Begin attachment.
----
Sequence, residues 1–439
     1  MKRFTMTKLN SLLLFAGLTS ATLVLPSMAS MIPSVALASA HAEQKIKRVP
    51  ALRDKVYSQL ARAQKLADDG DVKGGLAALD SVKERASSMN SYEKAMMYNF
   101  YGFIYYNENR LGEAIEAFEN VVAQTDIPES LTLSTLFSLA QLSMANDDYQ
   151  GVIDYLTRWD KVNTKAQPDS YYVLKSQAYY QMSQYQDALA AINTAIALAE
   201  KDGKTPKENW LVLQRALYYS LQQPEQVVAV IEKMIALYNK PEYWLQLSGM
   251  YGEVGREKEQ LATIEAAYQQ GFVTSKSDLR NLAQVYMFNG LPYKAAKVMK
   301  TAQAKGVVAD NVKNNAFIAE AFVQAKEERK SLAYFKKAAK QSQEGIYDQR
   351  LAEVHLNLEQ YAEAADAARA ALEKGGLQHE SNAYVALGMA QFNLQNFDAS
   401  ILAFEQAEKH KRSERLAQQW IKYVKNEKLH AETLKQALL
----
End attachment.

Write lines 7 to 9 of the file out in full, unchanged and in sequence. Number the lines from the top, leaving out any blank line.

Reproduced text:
   251  YGEVGREKEQ LATIEAAYQQ GFVTSKSDLR NLAQVYMFNG LPYKAAKVMK
   301  TAQAKGVVAD NVKNNAFIAE AFVQAKEERK SLAYFKKAAK QSQEGIYDQR
   351  LAEVHLNLEQ YAEAADAARA ALEKGGLQHE SNAYVALGMA QFNLQNFDAS